First Impressions of 'Currents' by Tame Impala


I can think of few opening statements as bold as ‘Let It Happen’. Kevin Parker is a master of the studio as an instrument – the most jaw-dropping moment on Lonerism is at 4:07 in ‘Nothing That Has Happened So Far Has Been Anything We Could Control’, when the entire mix is sucked into a vortex and spat back out on a wave of glimmering, sickly synthesisers. It’s the kind of thing that most people in the rock world wouldn’t even think of doing, because it defies every normal rule of ‘taste’. Then again, slathering your entire mix in phaser is also generally considered tasteless, and Kevin Parker clearly has no problem with doing that either. This is a good thing – most truly transcendent music could be considered somewhat tasteless. ‘Let It Happen’ has one of these moments, when the mix starts skipping and repeating until the repetition itself becomes a new beat and the song morphs into an entirely different creature. It almost reminds me of Andy Kaufman’s legendary bongo routine ( This is psychedelic music as it was originally conceived, breaking free of preconceived ideas of how songs should work and helping to write a new language for rock music going forward into the 21st century. 

The rest of Currents doesn’t quite reach this peak, although the previously released singles ‘Cause I’m A Man’ and ‘Eventually’ are fantastic and there is pretty much no filler. The album flows so perfectly that it may as well be a single continuous piece. The songs in between the singles are generally downbeat, and the use in synths in particular reminds me of Bankrupt! by Phoenix, an act increasingly indebted to the sounds of the 80’s, as well as pretty much anything by their Parisian contemporaries Air - it’s no coincidence that Kevin Parker has cited Talkie Walkie as one of his favourite albums. I can’t help but think that this is a misstep, looking back to the sounds of the past rather than to the sounds of the future, but I’m totally biased in this assessment – I’m not a big fan of 80’s music, so Tame Impala’s swerve into the sounds of that decade doesn’t really do it for me. I had no problem with Innerspeaker’s blatant appropriation of 60’s rock, because I really like 60’s rock. The only time that this 80’s vibe really bothers me is ‘Love/Paranoia’, where Parker’s patented romantic solipsism feels a bit silly surrounded by all this borrowed glitz and glamour. Luckily it’s immediately followed by ‘New Person, Same Old Mistakes’, which rides a slinky, sinister groove off into the night. It’s definitely the best closer to a Tame Impala album so far, and makes me want to immediately dive back into ‘Let It Happen’.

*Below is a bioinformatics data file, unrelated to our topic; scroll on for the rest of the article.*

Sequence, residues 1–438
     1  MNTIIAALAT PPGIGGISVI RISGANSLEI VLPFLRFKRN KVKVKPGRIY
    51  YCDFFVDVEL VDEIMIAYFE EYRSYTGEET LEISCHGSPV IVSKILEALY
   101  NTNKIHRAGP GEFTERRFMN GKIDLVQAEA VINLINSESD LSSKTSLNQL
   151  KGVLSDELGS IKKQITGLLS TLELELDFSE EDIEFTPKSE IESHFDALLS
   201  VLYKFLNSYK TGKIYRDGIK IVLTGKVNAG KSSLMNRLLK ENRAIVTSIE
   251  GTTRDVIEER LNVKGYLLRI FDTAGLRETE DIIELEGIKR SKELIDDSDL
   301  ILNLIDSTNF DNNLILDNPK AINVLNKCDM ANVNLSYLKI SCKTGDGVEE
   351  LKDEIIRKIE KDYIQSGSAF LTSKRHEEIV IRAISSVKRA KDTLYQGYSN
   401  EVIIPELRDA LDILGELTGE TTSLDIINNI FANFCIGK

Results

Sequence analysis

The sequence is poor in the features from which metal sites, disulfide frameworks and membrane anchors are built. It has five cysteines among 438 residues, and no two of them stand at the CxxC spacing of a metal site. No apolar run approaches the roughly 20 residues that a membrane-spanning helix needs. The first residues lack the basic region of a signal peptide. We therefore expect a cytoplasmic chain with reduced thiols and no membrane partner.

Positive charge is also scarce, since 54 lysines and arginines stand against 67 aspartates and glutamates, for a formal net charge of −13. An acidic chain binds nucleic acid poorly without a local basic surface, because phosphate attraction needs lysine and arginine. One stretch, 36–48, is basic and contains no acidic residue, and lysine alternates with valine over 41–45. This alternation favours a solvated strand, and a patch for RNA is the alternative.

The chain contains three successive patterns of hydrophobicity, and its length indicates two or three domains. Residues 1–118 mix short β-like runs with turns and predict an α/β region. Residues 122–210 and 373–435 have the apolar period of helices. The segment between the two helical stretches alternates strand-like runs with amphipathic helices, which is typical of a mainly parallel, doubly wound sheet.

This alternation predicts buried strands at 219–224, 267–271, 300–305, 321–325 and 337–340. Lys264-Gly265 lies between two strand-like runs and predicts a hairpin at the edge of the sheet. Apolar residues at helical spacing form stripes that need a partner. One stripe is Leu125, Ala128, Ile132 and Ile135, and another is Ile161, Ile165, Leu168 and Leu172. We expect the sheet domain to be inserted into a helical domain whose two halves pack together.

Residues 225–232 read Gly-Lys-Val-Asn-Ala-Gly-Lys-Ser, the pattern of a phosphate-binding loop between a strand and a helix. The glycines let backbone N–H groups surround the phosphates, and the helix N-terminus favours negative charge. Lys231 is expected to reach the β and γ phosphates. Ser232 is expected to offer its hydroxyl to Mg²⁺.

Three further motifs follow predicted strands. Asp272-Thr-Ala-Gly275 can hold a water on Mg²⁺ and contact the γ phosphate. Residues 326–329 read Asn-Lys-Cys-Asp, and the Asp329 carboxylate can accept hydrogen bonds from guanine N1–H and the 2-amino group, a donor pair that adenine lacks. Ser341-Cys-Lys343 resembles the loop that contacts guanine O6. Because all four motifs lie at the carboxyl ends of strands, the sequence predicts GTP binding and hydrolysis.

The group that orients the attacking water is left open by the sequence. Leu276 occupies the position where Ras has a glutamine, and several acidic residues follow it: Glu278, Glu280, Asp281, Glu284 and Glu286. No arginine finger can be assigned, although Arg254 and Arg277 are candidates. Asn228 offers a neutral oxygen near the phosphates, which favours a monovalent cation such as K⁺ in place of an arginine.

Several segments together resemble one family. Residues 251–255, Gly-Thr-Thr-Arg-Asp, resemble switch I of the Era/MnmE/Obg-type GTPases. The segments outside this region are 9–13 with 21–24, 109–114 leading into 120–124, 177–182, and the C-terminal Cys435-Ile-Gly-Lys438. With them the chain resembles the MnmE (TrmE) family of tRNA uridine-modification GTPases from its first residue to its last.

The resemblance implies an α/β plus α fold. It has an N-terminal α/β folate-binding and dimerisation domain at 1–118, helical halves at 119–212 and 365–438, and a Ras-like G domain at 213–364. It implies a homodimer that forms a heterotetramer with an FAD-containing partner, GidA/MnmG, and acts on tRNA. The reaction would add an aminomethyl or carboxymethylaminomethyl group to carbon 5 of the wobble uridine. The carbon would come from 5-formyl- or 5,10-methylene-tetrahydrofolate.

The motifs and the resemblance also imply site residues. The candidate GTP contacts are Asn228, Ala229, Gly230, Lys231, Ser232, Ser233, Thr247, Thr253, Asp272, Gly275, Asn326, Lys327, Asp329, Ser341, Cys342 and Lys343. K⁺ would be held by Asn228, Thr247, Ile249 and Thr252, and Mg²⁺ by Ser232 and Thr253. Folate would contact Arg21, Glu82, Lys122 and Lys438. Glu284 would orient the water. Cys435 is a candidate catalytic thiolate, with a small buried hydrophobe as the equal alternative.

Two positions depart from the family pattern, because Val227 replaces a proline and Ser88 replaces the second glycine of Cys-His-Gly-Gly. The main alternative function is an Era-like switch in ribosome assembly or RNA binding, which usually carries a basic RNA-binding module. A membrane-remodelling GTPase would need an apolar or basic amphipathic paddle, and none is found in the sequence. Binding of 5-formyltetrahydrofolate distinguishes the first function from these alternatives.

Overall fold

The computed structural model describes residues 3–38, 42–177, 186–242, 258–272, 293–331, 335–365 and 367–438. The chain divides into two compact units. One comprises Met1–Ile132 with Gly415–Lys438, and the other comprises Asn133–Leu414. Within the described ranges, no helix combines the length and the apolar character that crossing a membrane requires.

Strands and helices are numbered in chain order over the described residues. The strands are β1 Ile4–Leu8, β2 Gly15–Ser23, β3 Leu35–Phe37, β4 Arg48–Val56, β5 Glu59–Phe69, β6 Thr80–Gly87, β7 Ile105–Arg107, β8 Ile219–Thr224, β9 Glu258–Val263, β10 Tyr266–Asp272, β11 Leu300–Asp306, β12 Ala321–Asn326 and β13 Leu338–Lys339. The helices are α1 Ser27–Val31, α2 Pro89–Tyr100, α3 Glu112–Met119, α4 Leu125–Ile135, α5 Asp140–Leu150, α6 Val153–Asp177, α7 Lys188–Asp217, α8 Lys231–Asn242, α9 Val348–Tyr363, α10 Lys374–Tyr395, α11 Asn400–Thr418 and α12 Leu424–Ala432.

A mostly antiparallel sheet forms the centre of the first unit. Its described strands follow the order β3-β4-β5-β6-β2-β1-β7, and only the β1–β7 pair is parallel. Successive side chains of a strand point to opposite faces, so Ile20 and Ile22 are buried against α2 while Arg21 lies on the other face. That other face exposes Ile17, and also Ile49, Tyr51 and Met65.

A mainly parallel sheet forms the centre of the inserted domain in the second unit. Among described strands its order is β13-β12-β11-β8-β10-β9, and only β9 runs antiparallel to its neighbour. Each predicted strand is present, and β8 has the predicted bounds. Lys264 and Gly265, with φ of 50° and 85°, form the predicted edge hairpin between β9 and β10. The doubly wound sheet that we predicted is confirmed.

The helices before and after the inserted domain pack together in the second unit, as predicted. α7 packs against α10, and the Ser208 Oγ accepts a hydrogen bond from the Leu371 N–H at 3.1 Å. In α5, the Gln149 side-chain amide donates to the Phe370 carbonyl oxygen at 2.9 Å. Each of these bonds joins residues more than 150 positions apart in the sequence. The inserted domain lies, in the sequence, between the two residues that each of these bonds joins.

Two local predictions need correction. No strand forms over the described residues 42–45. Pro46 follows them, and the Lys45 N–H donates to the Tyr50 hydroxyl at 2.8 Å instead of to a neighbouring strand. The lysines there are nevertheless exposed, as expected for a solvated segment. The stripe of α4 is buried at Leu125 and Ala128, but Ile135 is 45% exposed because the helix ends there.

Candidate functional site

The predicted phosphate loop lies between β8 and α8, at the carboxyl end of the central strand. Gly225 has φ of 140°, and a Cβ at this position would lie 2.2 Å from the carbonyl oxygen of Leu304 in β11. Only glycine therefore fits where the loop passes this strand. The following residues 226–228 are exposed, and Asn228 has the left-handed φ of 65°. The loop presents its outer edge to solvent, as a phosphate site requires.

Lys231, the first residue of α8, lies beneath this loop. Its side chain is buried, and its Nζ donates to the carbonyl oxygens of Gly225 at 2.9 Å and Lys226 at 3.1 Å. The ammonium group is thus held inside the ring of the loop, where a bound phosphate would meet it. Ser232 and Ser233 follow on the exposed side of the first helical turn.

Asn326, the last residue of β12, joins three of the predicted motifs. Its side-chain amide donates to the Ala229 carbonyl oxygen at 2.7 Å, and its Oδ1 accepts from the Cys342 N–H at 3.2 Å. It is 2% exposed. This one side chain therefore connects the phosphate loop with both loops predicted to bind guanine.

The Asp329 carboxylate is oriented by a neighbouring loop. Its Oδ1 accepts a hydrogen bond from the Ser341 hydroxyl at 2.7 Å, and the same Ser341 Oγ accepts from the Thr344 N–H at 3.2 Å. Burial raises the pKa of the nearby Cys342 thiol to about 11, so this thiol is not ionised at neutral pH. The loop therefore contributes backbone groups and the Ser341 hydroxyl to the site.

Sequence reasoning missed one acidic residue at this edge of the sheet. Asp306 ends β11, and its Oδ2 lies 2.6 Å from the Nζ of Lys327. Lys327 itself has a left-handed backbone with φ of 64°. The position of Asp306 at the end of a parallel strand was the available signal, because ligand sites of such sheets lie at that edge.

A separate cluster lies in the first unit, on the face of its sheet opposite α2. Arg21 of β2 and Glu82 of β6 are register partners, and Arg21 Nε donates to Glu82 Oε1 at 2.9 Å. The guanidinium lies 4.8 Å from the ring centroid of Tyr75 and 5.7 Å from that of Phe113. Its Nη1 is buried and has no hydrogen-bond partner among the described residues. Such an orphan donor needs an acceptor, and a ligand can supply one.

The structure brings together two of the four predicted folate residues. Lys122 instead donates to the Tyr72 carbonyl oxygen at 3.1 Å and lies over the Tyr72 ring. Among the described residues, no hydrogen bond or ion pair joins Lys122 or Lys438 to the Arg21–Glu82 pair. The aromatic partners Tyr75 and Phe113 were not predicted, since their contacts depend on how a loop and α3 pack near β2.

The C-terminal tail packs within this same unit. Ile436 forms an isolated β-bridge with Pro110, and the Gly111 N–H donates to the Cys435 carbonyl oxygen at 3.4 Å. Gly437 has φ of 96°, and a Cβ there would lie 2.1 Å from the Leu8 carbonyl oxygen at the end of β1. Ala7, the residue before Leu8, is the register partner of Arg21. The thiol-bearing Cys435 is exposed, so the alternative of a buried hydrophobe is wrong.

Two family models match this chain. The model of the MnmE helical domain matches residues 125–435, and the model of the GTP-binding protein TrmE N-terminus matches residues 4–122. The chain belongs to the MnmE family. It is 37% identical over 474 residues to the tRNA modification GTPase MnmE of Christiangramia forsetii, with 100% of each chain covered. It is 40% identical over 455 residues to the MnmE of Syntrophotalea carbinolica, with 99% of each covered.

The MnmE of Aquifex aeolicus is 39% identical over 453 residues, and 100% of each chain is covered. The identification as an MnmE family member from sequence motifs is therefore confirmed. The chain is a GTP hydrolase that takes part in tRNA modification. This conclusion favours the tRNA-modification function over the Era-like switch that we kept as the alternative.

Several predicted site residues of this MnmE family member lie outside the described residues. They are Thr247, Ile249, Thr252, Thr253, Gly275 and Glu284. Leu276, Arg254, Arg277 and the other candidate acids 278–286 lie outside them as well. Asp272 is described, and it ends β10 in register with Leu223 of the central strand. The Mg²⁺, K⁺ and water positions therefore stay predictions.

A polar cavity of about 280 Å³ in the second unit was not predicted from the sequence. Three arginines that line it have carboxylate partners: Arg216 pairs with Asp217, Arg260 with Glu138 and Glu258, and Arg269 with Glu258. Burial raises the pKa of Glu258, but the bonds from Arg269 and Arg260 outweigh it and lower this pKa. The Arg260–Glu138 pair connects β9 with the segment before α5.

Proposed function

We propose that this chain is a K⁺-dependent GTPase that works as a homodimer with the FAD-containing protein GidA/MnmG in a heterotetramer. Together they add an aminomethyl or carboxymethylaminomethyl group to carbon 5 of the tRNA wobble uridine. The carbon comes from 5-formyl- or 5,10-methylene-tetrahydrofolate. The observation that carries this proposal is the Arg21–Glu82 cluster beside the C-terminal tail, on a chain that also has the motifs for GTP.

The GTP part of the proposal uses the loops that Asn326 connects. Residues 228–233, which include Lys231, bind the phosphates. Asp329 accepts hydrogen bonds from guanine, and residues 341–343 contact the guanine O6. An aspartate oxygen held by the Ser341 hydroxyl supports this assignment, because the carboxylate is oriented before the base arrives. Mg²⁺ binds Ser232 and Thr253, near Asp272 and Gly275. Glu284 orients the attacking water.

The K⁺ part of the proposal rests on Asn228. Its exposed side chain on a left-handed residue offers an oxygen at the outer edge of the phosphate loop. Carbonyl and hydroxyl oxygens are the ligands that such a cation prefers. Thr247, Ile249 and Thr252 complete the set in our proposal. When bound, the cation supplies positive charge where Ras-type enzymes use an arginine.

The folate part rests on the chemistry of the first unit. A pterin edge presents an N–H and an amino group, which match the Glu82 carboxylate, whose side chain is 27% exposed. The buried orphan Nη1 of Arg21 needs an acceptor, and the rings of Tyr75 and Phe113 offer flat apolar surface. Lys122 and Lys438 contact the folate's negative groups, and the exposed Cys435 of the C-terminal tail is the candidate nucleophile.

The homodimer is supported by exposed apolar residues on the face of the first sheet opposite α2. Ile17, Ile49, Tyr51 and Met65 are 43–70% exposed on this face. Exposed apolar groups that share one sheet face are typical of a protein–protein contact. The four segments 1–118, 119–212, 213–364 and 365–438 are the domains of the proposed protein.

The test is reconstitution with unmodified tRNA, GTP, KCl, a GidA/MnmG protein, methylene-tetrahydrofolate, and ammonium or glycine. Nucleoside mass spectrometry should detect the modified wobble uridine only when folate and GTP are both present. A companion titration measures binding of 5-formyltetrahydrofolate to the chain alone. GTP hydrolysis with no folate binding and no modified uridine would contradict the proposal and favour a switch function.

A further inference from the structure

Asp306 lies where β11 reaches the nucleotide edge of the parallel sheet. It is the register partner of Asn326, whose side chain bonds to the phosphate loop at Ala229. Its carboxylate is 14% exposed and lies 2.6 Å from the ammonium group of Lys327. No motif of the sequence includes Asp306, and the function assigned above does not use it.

Objectively, the album sounds fantastic overall, as Kevin Parker’s decision to helm the mixing desk has allowed him an insane amount of control over the fine details. Currents is an incredible achievement – you won’t hear many other high quality albums released this year that were entirely written, recorded, and mixed by a single person. It took me a few weeks of listening to start to appreciate the details of Lonerism and to judge each song on its own merits, and I fully expect the same thing to happen with Currents. As it is after a few days and half a dozen listens, I’m glad that Kevin Parker has refused to rest on his laurels and release Lonerism 2.0. Currents is the product of a singular vision, and that is something to be celebrated in a time where so much rock music is tailored to other people’s expectations.